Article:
Analysis of muscular activity during the Lifting task is depicted on Figure 5: a significant reduction was found in the activity of the main muscle involved during elbow flexion in the sagittal plane (i.e., biceps brachii), present in all assisted conditions when compared to the NE condition, for both the flexion [F(3, 9) = 4.42 p = 0.005] and extension [F(3, 9) = 15.28 p < 0.000] phase of movement.
Figure 5. Lifting task: effect of assistance magnitude on muscular activation. On top, envelope of the muscle activity of the biceps brachii, trapezius, and pectoralis major along time of one representative subject (from A–C) for the different conditions; on the bottom the averaged RMS, across all subjects, recorded in the phases of Flexion and Extension relative to the muscle on top. *Statistically significant.
The top row of Figure 5 depicts the EMG envelopes for a typical subject in the four tested conditions: the muscular activation for all the involved muscles differs, and resulted to be lowest when the exosuit provides high assistive torque (HA). At the population level, since the biceps was mostly involved in the lifting task, we analyzed its activity in the flexion phase: it resulted to have values ranging from 10.92 ± 1.81% of MVC [mean ± standard error (SE)] without the exosuit (NE), while, respectively, 9.60 ± 1.82, 8.71 ± 1.74, and 8.34 ± 1.73% during the LA, MA, and HA conditions. As we can notice in Figure 5A, there is a progressive reduction of the biceps activity while increasing the assistance level, with significant differences between LA and NE (p = 0.021), between MA and NE (p = 0.032) and between HA and NE (p = 0.01).
The capacity of interpreting user intention by the EMG-driven model based controller is reflected also in the extension phase, in which we found values ranging from 8.44 ± 1.12, 6.21 ± 0.97, 5.35 ± 0.88, and 4.87 ± 0.81% for the conditions NE, LA, MA, and HA, respectively, with significant values (p < 0.000) between LA and NE (p < 0.000) MA and NE, (p < 0.000) HA and NE, and (p = 0.02) between LA and HA. The outcomes show that the assistance is smoothly provided along the whole motion without disrupting user gesture during lifting activities; moreover, as previously stated, in the flexion phase we had a progressive reduction of the muscle activity proportional to the assistance level, indicating that the exosuit intervention is in phase with user's motion and does not interfere in the task completion across different assistance levels.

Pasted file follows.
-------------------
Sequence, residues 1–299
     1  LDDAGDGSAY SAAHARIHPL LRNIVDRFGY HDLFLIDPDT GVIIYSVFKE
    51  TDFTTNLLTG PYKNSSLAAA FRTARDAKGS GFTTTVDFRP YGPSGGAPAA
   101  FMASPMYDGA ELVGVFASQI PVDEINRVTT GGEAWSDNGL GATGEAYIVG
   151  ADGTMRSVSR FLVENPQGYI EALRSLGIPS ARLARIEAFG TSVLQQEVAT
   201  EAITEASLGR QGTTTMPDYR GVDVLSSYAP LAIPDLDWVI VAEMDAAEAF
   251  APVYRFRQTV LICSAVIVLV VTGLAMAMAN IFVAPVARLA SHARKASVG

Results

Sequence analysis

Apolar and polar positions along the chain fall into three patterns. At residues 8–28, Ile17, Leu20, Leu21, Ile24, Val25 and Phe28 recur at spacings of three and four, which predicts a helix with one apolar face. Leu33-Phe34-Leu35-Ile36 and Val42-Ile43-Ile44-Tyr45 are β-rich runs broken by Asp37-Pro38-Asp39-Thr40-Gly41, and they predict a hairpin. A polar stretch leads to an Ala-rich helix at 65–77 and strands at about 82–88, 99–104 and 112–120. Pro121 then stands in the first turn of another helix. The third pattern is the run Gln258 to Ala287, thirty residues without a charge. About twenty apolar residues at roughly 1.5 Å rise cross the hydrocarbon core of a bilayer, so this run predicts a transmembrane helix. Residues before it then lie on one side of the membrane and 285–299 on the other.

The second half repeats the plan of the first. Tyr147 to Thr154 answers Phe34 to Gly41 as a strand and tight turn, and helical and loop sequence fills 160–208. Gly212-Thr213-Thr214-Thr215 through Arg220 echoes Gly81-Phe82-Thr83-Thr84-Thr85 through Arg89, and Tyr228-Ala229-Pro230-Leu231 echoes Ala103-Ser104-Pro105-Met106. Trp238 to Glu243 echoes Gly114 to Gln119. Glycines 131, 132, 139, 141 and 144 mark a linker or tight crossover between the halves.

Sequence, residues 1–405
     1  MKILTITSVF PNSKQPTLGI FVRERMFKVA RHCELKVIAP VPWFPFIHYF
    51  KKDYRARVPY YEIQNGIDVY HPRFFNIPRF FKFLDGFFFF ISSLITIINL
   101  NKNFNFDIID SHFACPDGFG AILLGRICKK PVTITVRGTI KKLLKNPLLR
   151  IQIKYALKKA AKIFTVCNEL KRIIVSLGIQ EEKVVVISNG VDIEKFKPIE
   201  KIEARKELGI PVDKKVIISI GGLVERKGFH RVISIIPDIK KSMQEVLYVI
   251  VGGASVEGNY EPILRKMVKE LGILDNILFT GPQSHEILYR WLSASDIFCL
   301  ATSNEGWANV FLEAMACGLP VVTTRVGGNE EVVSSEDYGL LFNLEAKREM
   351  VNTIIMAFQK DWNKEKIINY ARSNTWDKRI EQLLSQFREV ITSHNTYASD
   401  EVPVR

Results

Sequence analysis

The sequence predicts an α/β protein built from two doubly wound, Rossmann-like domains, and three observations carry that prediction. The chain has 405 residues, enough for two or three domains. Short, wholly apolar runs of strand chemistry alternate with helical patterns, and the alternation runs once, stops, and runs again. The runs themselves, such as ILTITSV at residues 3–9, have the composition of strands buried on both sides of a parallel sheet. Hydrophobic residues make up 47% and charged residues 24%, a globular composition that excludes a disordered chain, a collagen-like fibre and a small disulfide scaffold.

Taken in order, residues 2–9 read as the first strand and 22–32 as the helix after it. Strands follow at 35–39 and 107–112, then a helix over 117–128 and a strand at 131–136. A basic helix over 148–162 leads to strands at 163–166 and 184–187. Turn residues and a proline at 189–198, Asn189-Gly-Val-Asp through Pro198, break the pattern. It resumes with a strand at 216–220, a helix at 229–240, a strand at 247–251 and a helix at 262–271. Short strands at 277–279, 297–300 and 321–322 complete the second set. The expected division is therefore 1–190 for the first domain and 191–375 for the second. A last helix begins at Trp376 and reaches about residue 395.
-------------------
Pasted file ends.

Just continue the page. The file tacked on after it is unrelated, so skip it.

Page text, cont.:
For the trapezius, we found an increase of the activity in the flexion phase [7.82 ± 1.38, 9.34 ± 1.32, 10.85 ± 1.41, and 9.10 ± 1.41% for the NE, LA, MA, and HA conditions, F(3, 9) = 6.96, p < 0.000] with significant difference (p = 0.02) between LA and NE, (p < 0.000) between MA and NE, (p = 0.008) between HA and NE and (p = 0.044) between MA and LA. Muscular activity of the trapezius in the extension phase of movement was constant across conditions.
Lastly, for the pectoralis we detected, in flexion, mean activity levels of 9.75 ± 2.42, 9.53 ± 2.55, 7.83 ± 1.85, 8.50 ± 2.40% for the NE, LA, MA, and HA, respectively, with significant difference [F(3, 9) = 3.65, p = 0.014]; we found difference (p = 0.036) between MA and NE, and (p = 0.027) between HA and NE. In extension, muscular levels were 12.14 ± 3.16, 11.26 ± 3.52, 9.54 ± 2.66, and 9.89 ± 3.29% for the NE, LA, MA, and HA conditions, with significant difference [F(3, 9) = 4.86, p = 0.003]; we found difference (p = 0.006) between MA and NE, and (p < 0.000) between HA and NE. As shown in Figure 5C, the activity of the pectoralis when we provided assistance resulted comparable to the NE condition in LA, while in MA and HA we have a visible reduction, even if between these last two conditions muscular activity showed a plateau.
3.3. Analysis of Biological Torque
In Figure 6A, we report the torque at the elbow during the Isometric task for a typical subject: the NE condition, where no exosuit was worn and the whole effort came from the user's muscular activity, was evaluated by using her/his scaled Opensim model, while the other curves (LA, MA, HA) were obtained by the torque output τr(t) from EMG model based controller while delivering assistance.
Figure 6. Isometric task: effect of assistance magnitude on exosuit torque. (A) Estimated elbow torque for a typical subject during a single trial in NE, LA, MA, and HA conditions; (B) Percentage of reduction of subjects muscular effort respect to the unassisted condition (%NE) across different levels of assistance LA, MA, and HA. *Statistically significant.